Exclusive: Virtuo eyes expansion in Italy, UK and a green recovery from COVID-19
Virtuo, the French car-hire startup, which is mobile-only, had been growing rapidly in Europe before COVID-19 arrived. With the average European taking ten trips a year, from a long summer holiday to weekends away, the contactless service was positioning itself to be a high-end and high-convenience alternative to traditional car-hire.
High-quality, high-convenience car rental
The company’s pitch is simple: “We want to be the best option for long-distance mobility,” Michael Altom, Virtuo’s COO, explains. “For the A-to-B in a city, you have lots of options: bike, Über, tube, walk, but for longer distances, there is nothing better than the car.”
However, the costs of car ownership, both financial and environmental, are increasingly unattractive to younger generations. At the same time, traditional counter-based rental options lack the ease-of-use they expect.
“The main difference with Enterprise, Hertz and the other traditional rental options is the hassle-free nature of the service we provide,” Altom said. Michael joined Virtuo as General Manager for the UK, overseeing the launch of the new market. He then moved into a broader General Manager role, looking after the UK, France and Belgium before being appointed COO in 2020.
The mobile-only car service allows you to book and unlock pristine Mercedes A-Class or GLA all through your phone that are parked in convenient city-centre locations. The service uses technology to take all the pain-points out of traditional car rental, allowing you to use your phone to unlock the car, file a damage report, and track real-time fuel and mileage information.
Planning to expand in Italy
Founded by Karim Kaddoura and Thibault Chassagne in Paris in 2015, the French startup currently operates in France, Belgium, Spain, and the UK. Now, Virtuo is planning to launch its services in Milan, Italy around May 2021, as confirmed by Altom to UKTN.
The company also has dealt with several car manufacturers, offering high-end vehicles, to customers. For UK drivers — the service is in London and Manchester, with Edinburgh returning after a Covid-enforced pause.
Vehicles in other countries include BMW, Peugeot, Fiat, and Hyundai cars. Meanwhile, Virtuo is in talks with other marques to expand the range of their fleet.
Altom confirms, “Last year, we had around 350 cars in the UK and around 2000 in France. This year, we’re more than doubling the fleet in both countries.”
A big focus is on the environmental benefits for Virtuo. Altom acknowledges that while car sharing has a positive environmental impact, they are still using petrol vehicles. “We need to go further.”
Already, they are introducing Hyundai electric vehicles in France and working with manufacturers to identify the best model for use in the UK market. Ultimately, Virtuo is looking to redefine people’s relationship with cars.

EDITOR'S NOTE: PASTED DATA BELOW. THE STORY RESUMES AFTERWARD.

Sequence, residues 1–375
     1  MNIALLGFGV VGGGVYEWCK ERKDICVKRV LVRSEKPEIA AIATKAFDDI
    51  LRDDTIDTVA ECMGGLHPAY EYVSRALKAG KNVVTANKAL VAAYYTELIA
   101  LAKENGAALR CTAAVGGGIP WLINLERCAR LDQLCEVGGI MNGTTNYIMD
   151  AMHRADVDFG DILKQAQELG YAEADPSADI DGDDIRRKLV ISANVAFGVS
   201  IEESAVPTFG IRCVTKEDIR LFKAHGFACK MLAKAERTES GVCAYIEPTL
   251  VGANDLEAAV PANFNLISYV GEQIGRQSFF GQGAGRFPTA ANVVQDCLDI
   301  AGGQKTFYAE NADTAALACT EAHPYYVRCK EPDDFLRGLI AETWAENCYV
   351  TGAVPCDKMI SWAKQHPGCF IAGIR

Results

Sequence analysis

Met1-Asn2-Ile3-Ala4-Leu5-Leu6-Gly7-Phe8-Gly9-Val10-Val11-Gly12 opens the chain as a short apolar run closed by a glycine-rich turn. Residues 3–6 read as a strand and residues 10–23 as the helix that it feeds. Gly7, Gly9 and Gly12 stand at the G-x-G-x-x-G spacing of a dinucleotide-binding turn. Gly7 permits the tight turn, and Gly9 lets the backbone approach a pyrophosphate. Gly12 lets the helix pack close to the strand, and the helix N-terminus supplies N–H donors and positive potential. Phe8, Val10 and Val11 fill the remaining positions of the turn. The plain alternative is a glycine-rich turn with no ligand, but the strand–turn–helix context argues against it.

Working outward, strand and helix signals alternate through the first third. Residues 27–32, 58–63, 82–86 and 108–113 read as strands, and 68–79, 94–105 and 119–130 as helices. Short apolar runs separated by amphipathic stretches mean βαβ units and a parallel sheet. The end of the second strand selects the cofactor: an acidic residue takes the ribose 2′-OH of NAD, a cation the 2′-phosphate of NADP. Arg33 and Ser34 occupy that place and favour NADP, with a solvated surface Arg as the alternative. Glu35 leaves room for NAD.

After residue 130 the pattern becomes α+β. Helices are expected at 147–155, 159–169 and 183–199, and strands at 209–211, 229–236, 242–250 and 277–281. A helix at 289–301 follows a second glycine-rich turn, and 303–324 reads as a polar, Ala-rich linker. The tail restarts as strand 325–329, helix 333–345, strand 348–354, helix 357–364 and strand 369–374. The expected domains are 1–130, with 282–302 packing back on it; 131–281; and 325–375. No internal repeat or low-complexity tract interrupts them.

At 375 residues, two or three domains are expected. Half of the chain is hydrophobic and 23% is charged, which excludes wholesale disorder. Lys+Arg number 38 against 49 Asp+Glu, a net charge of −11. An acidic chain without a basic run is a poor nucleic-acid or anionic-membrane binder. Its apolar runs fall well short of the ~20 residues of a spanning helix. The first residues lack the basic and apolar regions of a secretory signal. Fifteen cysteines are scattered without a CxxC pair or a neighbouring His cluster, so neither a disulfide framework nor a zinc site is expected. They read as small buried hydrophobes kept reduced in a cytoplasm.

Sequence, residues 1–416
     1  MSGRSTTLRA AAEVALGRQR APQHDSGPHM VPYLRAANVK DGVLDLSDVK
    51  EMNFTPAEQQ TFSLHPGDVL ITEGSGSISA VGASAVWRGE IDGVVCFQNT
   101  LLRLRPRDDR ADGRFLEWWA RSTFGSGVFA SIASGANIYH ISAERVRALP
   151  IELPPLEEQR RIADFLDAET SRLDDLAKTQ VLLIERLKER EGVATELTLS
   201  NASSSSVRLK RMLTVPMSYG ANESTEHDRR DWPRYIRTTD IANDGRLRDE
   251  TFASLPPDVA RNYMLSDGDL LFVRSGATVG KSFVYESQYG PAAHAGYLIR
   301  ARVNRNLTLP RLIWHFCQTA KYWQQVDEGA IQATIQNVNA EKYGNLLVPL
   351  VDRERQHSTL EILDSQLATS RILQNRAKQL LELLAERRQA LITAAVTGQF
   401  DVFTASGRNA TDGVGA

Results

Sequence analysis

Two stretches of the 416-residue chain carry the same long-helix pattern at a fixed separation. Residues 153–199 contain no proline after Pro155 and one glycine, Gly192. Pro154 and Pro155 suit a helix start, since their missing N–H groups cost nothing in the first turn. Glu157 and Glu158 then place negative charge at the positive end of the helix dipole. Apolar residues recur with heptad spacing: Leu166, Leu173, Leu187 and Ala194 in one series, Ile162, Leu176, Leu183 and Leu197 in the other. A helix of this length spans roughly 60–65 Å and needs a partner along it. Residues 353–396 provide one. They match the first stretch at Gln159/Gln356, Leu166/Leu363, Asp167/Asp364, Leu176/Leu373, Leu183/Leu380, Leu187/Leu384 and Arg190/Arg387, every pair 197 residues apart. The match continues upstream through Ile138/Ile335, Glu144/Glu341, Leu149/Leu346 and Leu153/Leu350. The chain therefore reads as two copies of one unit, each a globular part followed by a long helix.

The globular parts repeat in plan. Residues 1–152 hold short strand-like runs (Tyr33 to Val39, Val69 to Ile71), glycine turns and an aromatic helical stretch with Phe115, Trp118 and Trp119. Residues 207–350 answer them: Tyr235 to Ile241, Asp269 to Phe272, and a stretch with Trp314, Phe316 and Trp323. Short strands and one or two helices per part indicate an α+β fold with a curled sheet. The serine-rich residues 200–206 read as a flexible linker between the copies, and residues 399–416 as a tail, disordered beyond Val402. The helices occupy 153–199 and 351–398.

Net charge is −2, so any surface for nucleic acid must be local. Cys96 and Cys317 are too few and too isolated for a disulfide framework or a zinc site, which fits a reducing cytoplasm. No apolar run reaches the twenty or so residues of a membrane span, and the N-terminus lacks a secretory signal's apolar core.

“Our mission is helping cities and creating freedom from car ownership.” Altom says their goal is to provide a service that is preferable to car ownership. “That’s the option we want to give city dwellers — do not buy your car, do good for the environment and rent with us whenever you need it.”
Growth has been rapid, the service in Paris is experiencing annual three-fold growth. The service has proven popular, with Virtuo finding that over-coming the novelty factor for customers accustomed to the inconvenience of the traditional rental was one of their biggest challenges.
However, once used, there was a high customer retention level; 70% of their rentals are from returning customers, a trend they want to keep as they grow.
The challenges of Covid-19 and Brexit
COVID-19, however, has had an impact on their trade. Initially causing a downturn, Virtuo lent hundreds of unused cars to the NHS and health services across Europe. But then, there was a boom! As people turned to them for their domestic holidays. Virtuo managed 60% growth in the UK, and 10-15% growth even with their established French operations.
Brexit is also presenting a challenge for UK operations. Although not affected by the day-to-day difficulties of Brexit faced by importers and exporters, they were aware of the impact on their London-based staff and that it is now a less attractive destination for European workers.
But they remain confident the move into the UK market was right. “We’re betting a lot on London,” Altom said, “We see it as a really good market for us. Is Brexit going to change the face of London? It looks like London will stay strong and attractive.”
More extension in the UK?
As the wider economy recovers from COVID-19, Virtuo is looking to expand rapidly in the UK and Europe. As well as the launch in Italy they are planning to add Brighton, Bristol and Birmingham to their roster of UK cities with Virtuo services and expand their current UK fleet from 400 to 700 cars by summer 2021 as well as increasing their workforce, currently around 200, by 50% across Europe.
Virtuo launched in London in the summer of 2018, bringing its seamless mobile-only rental offering to UK drivers for the first time. It now has 11 locations at airports and train stations across the capital including Heathrow, Victoria, Waterloo, King’s Cross and Stratford International.
Further, Virtuo has raised £26 million in total from investors including Balderton Capital, Iris Capital and Raise Ventures and in 2021 they’re looking for more external funding.